If you’re hunting news reporters, it’s only natural to stalk their lairs – to sneak up on them while they’re still slightly lethargic from digesting a large meal of Carol Porter.
So Karen Handel and her two guides this afternoon made a rare and stealthy entrance into press row at the state Capitol, a line of offices where grown adults go to shake off every childhood lecture about neatness.
The Republican candidate for governor grabbed a reporter’s chair in the AJC enclave and started talking. Shannon McCaffery with the Associated Press took the next seat. In came Walter Jones with Morris News Service, pad in hand. Lori Geary of WSB-TV brought a camera man to fill the front door. Tom Baxter of InsiderAdvantage and Travis Fain of the Macon Telegraph rounded out the crowd.
Bingo. Instant news conference.
Handel announced that her solution to the state’s budget crisis is to recognize “the new normal” and slice Georgia’s state workforce by 10 percent – exempting teachers, State Patrol officers and others who keep the bad guys in line.
It would save $400 million – not enough to close the $1.2 billion budget gap for 2011. And it would take more than a few months to reach that 10 percent mark, she conceded. Here are some of her details:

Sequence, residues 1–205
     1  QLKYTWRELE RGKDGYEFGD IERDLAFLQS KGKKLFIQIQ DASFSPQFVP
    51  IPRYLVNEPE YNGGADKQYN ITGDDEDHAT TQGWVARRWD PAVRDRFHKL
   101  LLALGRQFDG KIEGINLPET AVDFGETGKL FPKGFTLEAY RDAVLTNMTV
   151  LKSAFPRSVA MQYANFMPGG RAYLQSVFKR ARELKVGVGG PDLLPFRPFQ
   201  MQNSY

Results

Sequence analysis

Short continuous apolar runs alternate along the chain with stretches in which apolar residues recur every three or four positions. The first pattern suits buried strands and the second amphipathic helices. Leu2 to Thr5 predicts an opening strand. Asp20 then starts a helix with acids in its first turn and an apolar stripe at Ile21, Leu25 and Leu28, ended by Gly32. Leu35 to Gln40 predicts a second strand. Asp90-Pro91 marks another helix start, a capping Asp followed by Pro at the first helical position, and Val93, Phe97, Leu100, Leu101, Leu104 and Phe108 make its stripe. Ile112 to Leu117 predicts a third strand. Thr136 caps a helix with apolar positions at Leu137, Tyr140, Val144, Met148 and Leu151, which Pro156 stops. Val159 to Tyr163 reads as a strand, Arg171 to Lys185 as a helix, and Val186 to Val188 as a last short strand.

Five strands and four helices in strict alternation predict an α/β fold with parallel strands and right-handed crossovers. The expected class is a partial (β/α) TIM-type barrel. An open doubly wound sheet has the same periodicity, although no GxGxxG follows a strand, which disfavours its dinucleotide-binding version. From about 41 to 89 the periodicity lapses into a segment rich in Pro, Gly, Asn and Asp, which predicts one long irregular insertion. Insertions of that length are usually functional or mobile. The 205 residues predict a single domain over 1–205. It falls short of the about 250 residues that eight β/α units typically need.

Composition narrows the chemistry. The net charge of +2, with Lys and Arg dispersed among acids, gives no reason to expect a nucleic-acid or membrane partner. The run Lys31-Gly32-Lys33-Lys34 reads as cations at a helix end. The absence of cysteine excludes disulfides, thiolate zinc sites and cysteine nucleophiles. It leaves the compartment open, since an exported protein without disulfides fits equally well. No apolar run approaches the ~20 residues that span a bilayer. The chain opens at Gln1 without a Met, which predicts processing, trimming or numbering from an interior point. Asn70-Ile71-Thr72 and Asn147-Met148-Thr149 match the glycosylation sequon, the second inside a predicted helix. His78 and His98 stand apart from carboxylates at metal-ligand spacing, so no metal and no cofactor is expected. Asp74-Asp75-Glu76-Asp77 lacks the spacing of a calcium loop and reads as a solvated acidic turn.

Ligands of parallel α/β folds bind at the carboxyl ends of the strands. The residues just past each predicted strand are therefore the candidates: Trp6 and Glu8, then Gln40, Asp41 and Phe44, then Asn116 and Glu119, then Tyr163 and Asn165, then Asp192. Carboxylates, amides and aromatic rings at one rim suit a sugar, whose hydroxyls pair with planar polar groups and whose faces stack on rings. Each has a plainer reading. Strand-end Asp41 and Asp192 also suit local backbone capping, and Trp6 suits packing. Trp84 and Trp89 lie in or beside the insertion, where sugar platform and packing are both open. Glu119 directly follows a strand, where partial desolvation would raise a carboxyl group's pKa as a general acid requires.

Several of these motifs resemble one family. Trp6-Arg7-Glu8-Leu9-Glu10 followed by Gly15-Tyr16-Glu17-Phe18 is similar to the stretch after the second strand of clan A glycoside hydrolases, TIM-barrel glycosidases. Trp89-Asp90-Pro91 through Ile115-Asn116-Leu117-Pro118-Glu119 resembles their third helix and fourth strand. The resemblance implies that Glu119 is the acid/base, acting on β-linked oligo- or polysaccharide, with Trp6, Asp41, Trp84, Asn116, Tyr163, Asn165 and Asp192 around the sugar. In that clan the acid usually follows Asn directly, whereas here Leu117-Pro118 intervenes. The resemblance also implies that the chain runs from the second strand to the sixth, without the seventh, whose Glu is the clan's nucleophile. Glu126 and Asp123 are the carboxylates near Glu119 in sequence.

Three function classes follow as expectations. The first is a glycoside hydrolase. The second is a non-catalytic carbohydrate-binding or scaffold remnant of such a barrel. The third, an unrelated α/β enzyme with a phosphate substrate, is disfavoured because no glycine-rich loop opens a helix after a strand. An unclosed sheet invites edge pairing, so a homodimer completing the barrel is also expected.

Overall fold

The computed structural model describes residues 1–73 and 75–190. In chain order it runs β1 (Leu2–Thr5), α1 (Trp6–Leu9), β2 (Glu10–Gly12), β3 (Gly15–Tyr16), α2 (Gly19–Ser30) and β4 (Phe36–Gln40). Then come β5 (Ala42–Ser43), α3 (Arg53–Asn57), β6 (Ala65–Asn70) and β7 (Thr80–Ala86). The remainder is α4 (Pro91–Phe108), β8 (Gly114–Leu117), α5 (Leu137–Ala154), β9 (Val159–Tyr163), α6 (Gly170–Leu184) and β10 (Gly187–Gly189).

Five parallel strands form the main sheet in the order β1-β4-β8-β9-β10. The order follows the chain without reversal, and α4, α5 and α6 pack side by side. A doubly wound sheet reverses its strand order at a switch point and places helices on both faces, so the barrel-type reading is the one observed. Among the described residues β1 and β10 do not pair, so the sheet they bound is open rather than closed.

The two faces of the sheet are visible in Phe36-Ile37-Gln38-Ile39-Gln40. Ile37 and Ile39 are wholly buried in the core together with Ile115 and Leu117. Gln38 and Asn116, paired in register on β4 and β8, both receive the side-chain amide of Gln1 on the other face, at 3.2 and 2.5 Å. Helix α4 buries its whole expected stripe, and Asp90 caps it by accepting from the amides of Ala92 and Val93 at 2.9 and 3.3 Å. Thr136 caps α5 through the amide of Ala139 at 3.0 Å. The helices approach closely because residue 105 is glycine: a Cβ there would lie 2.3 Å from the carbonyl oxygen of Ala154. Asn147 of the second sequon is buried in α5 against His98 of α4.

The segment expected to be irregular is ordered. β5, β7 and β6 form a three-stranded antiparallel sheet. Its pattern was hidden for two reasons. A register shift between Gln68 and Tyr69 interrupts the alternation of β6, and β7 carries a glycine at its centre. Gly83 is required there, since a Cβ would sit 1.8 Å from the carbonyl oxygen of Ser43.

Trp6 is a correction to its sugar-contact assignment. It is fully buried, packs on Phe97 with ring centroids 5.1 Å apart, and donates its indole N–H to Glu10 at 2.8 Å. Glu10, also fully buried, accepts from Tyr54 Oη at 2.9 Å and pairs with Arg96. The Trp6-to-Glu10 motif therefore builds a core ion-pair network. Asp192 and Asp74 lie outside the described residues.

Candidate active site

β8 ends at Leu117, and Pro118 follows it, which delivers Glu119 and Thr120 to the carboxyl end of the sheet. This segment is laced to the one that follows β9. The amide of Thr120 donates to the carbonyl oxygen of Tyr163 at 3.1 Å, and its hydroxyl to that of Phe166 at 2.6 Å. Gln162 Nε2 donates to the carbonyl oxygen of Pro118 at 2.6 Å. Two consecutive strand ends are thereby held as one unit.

– Permanent elimination of 10% of state government positions for FY2011 budget year – excluding teachers and public safety officers (State Patrol, GBI, etc.). This would save approximately $404 million and reduce the workforce by approximately 7,800 employees.
– Keep permanent the Governor’s budget savings to date achieved through attrition, resignations, and retirements. According to the State Personnel Administration, this represents nearly 5% of the workforce and equals an additional $190 million in savings.
–Reorganize agencies to reduce management layers and achieve supervisor/ employee ratio of 8 or 9 employees to 1 supervisor. Too often employees are promoted to supervisor or manager positions because of length of service rather than a reflection of management responsibilities.
–Reform state salary and benefits by moving state employees to “paid time off” (or PTO) and limited leave carry-over rather than the current accrual system, which allows employees to “bank” significant amounts of sick, compensatory, and vacation time that is then used to “bridge” to retirement or is cashed-in upon departure/retirement.
Handel’s get-’em-where-they-live tactic was immediately mimicked by a Republican rival for governor, state Rep. Austin Scott of Tifton, who held a mini-press conference in AP headquarters. In rebuttal, Scott said Handel was overestimating the savings from a 10 percent workforce reduction.
But Scott, who sits on the House Appropriations Committee, said lawmakers were indeed looking at the elimination of whole sections of agencies within state departments.
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